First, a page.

Austria Bides Time as Ejection From Top EU Power Market LoomsBy
EU grids to present price zone review after first quarter
Austrian regulator says unilateral market split ’questionable’
Austria is biding its time as it faces ejection from Europe’s biggest power market.
Europe will need to adhere to recommendations after a regulatory assessment of power price zones by the region’s grids, including the one between Austria and Germany, Wolfgang Urbantschitsch, executive director at Austrian energy regulator E-Control, said in an interview in Vienna. Those results aren’t expected before the second quarter of 2017, according to Claire Camus, a spokeswoman for Entso-E, the group of European electricity grid operators.
Germany is seeking to split the power market it has shared with Austria for the past 14 years to limit the costs of moving wind energy from its north to industrial demand centers in its south and Austria. Austria opposes the move, with top utility Verbund AG saying a split could cost 1 billion euros ($1.1 billion) a year.
"It isn’t good for competition to have a smaller market with less participants and less liquidity," Urbantschitsch said. "Sometimes, it is depicted very negatively that Austria is just profiting from the bigger market, but all of Europe would profit from more market integration."
The German grid regulator still supports the split of the common power market with Austria after the nations failed to agree on a proposal to limit the amount of traded capacity at the border in March, Bundesnetzagentur spokesman Olaf Peter Eul said by phone from Bonn. The country estimates that its consumers would save 280 million euros after a split, the government replied to a parliamentary inquiry in July. A breakup would also be possible without mutual consent even as Germany seeks to coordinate its actions with Austria and the European Commission, according to the government.
As a European member state, Germany will face questions of restricting the free flow of goods if it prescribes a market split through its regulator and this is "highly questionable,” Urbantschitsch said. There is no need to restrict trading at the Austrian-German border as there is no "structural congestion" except in Germany, where rising electricity flows from renewables are restricted by a lack of network capacity, he said.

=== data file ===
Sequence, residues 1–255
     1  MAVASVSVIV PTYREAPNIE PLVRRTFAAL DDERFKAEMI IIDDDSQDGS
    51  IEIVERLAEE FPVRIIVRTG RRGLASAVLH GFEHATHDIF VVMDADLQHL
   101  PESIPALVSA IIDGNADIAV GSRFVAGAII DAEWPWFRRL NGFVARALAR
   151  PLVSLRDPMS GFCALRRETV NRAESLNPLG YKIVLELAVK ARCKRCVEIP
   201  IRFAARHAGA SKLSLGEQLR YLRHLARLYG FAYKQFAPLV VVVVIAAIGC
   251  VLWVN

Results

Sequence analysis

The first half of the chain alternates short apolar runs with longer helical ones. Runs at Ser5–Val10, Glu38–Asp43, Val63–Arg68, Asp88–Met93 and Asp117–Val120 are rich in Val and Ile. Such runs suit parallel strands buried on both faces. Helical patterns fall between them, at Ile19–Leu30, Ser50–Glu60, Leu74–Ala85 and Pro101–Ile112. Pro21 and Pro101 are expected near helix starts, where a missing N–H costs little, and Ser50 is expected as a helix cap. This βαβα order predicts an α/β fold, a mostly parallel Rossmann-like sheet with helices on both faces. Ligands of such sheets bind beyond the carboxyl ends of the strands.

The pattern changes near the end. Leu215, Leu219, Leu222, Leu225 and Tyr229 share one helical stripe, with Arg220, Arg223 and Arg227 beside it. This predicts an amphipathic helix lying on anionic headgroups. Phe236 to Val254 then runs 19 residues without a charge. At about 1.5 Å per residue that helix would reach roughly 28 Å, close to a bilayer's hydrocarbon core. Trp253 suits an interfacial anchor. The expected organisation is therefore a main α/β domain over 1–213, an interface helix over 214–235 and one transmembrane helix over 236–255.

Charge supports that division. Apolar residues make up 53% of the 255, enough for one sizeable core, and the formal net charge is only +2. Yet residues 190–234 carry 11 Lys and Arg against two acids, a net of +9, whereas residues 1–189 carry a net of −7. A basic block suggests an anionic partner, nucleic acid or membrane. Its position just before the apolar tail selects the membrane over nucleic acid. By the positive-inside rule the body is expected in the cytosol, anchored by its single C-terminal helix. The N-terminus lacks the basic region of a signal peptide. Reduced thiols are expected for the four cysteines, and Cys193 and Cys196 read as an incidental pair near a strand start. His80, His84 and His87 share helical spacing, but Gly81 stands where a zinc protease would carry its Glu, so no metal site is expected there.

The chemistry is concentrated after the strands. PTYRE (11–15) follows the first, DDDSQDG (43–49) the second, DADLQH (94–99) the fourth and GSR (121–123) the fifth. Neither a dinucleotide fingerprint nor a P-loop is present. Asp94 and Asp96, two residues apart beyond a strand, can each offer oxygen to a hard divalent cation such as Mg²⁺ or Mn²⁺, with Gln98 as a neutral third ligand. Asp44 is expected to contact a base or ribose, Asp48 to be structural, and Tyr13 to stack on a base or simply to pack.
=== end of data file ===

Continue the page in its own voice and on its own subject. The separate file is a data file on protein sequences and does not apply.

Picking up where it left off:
Austria’s bid to keep the common market also met opposition from European energy regulator ACER, which called for a split in a non-binding opinion in last year. The regulator is scheduled to rule on the breakup of the market in a binding decision by Nov. 17, spokesman David Merino said. Austria fought the opinion in the European Court and is prepared to do so again if the decision comes to the same conclusion, Urbantschitsch said.
Verbund, the country’s biggest utility, has started to prepare for a breakup by thinking about how to adjust pricing, hedge production and discussing individual contracts with its customers, Robert Slovacek, managing director of Verbund Trading, said Thursday at a conference in Vienna.
"As a trader you always prepare for the worst. If by miracle we have a border by January 2018, of course we would manage the problem," Slovacek said. "If you would split Germany from Austria, we would not have a futures market in Austria or if we had one it would be very, very illiquid."